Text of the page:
New experiments in digital self-portraiture from the endlessly inventive Pictures Generation pioneer
This publication presents a new body of work by Cindy Sherman that continues her explorations of the genre of portraiture going back to her early work of the 1970s. Across 36 photographs, the artist collages parts of her own face to construct the identities of various sitters, using digital manipulation to accent the layered aspects and plasticity of the self. The book also includes a text by Sherman chronicling her process in the studio, offering an intimate glimpse into her thinking about the work.
Cindy Sherman (born 1954) came to prominence in the late 1970s with the Pictures Generation group alongside artists such as Sherrie Levine, Richard Prince and Louise Lawler. Sherman studied art at Buffalo State College in 1972 where she soon turned her attention to photography. In 1977, shortly after moving to New York, Sherman began her critically acclaimed Untitled Film Stills. By the mid to late 1980s her visual language began to explore the more grotesque aspects of humanity through the lens of horror and the abject, as seen in works such as Fairy Tales (1985) and Disasters (1986–89). Since the early 2000s, Sherman has used digital technology to further manipulate her roster of characters. In 2017, she began using Instagram to upload portraits that utilize a number of face-tuning apps, morphing the artist into a plethora of protagonists in kaleidoscopic settings. Sherman lives and works in New York, and is represented by Hauser & Wirth.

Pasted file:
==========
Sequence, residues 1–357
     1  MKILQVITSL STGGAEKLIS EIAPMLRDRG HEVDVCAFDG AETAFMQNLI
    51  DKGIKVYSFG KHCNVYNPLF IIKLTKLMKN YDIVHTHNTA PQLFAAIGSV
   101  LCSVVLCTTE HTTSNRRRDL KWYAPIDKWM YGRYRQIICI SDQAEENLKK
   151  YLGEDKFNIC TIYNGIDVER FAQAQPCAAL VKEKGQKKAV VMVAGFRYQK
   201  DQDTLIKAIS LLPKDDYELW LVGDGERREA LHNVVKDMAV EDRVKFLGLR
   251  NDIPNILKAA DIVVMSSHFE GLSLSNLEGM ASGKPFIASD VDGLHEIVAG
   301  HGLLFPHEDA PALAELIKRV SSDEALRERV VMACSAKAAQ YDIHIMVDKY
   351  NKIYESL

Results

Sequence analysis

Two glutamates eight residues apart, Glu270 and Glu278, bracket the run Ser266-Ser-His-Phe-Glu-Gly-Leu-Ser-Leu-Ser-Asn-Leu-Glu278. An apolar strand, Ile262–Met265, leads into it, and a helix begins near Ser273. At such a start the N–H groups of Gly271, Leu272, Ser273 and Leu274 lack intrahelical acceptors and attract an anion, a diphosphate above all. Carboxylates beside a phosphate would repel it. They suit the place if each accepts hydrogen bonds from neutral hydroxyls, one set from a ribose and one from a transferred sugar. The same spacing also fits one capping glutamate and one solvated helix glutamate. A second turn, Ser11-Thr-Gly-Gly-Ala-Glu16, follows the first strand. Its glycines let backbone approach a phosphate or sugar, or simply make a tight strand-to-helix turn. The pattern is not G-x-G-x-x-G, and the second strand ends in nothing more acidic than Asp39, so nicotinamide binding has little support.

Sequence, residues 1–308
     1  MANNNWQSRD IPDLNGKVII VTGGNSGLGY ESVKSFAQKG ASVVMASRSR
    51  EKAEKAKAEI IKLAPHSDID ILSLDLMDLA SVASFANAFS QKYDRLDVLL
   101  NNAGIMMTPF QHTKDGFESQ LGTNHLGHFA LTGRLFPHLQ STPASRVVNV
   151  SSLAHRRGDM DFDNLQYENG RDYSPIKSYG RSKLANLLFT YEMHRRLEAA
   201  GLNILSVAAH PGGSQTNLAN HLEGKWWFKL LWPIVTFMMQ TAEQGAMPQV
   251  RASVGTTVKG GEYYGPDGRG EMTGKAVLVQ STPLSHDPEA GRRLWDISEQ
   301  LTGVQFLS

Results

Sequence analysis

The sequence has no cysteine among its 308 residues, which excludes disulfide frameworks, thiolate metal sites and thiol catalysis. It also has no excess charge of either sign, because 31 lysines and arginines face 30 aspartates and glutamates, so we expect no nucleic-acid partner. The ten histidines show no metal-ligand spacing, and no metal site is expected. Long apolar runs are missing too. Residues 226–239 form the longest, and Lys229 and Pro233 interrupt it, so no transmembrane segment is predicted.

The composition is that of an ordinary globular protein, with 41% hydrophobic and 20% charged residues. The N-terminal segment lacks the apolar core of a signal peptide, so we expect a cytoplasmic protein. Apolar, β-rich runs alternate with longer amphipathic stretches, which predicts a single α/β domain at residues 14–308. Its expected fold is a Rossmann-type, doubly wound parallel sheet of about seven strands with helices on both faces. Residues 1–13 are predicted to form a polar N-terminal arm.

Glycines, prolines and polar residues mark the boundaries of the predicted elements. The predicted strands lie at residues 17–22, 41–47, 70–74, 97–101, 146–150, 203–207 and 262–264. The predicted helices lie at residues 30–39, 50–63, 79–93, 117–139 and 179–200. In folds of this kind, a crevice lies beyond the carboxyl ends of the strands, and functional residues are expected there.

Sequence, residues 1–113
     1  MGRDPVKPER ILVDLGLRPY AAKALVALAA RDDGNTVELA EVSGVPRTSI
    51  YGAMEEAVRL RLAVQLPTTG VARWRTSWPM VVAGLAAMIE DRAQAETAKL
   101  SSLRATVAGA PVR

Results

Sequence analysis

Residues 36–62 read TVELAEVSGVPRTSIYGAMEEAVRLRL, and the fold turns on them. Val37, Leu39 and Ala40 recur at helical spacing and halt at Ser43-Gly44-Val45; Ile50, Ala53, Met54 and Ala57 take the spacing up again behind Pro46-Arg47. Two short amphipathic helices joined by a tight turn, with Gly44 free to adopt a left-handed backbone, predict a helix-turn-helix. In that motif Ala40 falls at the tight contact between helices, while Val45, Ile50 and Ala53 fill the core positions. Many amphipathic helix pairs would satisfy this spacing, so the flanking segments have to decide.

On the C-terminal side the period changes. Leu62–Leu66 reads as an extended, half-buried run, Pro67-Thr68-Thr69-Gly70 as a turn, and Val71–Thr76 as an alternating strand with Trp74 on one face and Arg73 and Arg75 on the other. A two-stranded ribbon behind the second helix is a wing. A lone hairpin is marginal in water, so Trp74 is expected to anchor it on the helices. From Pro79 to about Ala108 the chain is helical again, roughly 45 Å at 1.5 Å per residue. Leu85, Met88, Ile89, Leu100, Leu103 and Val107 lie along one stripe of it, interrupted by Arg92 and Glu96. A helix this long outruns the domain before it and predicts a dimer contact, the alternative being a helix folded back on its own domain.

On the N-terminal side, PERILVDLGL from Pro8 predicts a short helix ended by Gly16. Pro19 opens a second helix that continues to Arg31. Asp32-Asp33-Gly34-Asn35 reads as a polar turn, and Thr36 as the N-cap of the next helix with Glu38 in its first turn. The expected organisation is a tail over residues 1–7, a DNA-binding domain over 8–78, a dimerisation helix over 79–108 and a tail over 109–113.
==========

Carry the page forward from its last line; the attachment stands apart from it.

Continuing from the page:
Hardcover, 83 Pages